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Feeding Growing Minds – Diet

Over the course of this 3-part article we will investigate health benefits and a growing mind in connection with Diet, Exercise and Sleep.

Imagine yourself without sleep, having eaten poorly and without being able to exercise (yes, it does sound like the weeks or even months after delivery). Oh, and you also need to learn to care for a newborn.

Does this sound familiar?

The absolute necessity of these aspects in our life seems so obvious to us as adults. However, often we don’t quite appreciate the value that a balanced lifestyle can offer our children, even our babies.

“Your baby is so calm”, “she isn’t fussy at all”, “he eats so well” – to be on the receiving end of warming statements such as these, we need an action plan.


The beautiful machine that is the body needs a balanced mix of nutrients and an appropriate amount of calories. Please do not worry, I will not begin to ask you to feed your baby kale, track their macros and count each time they chew.

Let’s take things back a few decades, Grandma didn’t know that quinoa would offer additional health benefits but, she did know that if the baby was well fed he or she could sleep. Grandma knew that if she offered vegetables of all different kinds to her little one that his/her taste palate would begin to develop, understanding and accepting simple tasting foods. It was also understood that only after offering a wide variety of vegetables that fruits could come next (taking note to boil berries in particular to remove any harmful bacteria.) The basic principles here are spot on, veggies give the vitamins and minerals that the baby will need to support their developing immune system and adding fruits later in time will widen their taste palate. Slowly introducing grains and dairy will also be a fun and interesting learning experience for you and your child (your floor and carpet may also be included in this learning experience, sorry Mummy and Daddy but babies do not like ALL of those new tastes or textures).

As your baby or child begins to try new foods, it is important to monitor their tolerances to these foods. If you give your child tomatoes and they get a small rash, monitor it carefully. Stop giving the new food, allow the rash to go away and wait for 3-7 days before trying a small taste of that food again. However, if the rash persists or worsens seek medical advice.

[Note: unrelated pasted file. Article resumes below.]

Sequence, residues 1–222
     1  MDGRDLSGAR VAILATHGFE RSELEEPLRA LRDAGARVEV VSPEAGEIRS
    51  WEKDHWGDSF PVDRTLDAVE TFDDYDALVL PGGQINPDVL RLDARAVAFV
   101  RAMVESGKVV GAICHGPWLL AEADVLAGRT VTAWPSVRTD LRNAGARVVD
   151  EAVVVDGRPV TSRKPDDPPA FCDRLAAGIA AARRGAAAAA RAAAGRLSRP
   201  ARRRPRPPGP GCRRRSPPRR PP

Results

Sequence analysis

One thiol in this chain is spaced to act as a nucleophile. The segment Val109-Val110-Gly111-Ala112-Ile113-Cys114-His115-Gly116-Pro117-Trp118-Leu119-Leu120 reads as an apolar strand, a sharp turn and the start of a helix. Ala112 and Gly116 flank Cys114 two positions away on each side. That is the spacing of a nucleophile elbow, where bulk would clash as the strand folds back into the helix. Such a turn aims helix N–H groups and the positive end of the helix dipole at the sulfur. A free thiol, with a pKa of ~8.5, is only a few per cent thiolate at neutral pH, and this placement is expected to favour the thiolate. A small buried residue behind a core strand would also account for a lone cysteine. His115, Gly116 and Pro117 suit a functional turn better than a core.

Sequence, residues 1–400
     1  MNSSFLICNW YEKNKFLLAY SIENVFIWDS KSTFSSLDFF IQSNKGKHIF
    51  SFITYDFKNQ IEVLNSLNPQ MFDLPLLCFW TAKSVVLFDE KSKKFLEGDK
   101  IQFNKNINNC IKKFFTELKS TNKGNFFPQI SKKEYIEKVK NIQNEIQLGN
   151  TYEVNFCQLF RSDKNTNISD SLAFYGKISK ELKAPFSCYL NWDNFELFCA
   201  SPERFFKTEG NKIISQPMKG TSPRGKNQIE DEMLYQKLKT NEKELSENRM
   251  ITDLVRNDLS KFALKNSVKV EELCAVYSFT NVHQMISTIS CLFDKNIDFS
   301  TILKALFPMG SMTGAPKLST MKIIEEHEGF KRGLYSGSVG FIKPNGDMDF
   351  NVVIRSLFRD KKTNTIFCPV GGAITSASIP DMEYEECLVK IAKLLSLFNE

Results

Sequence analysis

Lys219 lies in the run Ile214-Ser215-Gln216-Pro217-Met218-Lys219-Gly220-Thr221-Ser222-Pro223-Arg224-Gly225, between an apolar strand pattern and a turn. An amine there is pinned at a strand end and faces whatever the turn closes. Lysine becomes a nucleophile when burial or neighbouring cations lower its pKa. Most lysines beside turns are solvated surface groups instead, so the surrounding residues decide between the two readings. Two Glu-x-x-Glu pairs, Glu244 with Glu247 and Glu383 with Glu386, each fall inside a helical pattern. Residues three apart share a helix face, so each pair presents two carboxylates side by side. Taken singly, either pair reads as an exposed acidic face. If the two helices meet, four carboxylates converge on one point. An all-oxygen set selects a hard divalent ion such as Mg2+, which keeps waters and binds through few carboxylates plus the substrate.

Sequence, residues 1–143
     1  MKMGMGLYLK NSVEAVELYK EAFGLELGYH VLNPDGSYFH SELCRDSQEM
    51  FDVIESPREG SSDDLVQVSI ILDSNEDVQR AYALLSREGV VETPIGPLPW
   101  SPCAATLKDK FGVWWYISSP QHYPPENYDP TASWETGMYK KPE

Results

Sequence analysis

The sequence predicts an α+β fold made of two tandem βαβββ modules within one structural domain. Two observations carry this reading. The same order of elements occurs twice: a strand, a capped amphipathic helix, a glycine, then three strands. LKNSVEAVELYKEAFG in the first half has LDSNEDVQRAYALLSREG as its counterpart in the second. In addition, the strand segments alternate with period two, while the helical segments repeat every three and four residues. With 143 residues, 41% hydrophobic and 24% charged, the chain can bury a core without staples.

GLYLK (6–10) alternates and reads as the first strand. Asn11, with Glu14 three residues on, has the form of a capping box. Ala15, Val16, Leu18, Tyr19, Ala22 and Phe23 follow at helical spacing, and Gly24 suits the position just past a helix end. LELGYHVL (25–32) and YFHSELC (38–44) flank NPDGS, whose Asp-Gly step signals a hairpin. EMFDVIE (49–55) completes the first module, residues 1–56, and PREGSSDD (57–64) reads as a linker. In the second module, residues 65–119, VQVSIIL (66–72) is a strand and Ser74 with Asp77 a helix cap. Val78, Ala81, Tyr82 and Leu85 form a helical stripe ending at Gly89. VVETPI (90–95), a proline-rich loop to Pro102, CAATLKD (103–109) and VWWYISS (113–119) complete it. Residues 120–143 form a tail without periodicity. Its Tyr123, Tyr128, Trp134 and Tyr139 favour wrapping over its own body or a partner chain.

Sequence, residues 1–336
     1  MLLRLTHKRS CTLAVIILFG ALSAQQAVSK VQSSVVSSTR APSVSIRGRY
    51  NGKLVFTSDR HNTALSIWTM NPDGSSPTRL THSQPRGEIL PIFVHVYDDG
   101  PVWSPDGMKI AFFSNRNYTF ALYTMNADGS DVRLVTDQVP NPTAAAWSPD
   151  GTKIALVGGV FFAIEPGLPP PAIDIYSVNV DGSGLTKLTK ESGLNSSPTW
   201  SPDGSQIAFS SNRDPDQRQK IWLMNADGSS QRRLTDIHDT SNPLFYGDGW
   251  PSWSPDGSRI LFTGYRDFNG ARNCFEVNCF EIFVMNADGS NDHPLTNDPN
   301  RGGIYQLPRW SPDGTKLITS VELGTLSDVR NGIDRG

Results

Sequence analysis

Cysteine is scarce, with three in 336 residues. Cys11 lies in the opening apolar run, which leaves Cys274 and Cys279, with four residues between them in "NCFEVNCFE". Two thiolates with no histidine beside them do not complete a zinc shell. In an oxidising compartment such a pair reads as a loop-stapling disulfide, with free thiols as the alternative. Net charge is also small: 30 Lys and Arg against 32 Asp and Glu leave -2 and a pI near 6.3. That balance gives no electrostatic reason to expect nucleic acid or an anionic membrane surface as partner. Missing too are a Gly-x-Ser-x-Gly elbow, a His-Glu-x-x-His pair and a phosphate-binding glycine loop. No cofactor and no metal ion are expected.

Trying new foods can be scary for both you and your baby but getting it right will be such a rewarding experience for both.


  • Spinach is great for children above 1 year (but should be given infrequently).
  • Beetroot is great for children above 1 year (but should be given infrequently).
  • Small children choke easily. Grapes, berries, olives and other spherical shaped foods should be cut into quarters (this technique should be used until a child is above 5 years).
  • Dairy and nuts frequently cause allergies; the market is flooded with alternatives but check with your health provider before making radical alterations to your child’s diet.
  • Mother’s milk has phenomenal benefits for both you and your child but should this not be an option for you/ your family, Formula was developed in 1865 (150+ years of development!).
  • Research shows that our brain needs to experiment with taste 15 times or more before we can make a decision, do we like or dislike that food – the tasting journey won’t be an easy one.
  • Drink water – no notes needed.

A balanced diet and eating at regular intervals will regulate your child’s mood. Simply being satisfied allows the brain to focus on the learning world around. Just like you, if you have a task to complete or a deadline to meet be sure to be well fed and …drink lots of water.

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Laura Partanen
Nursery Manager
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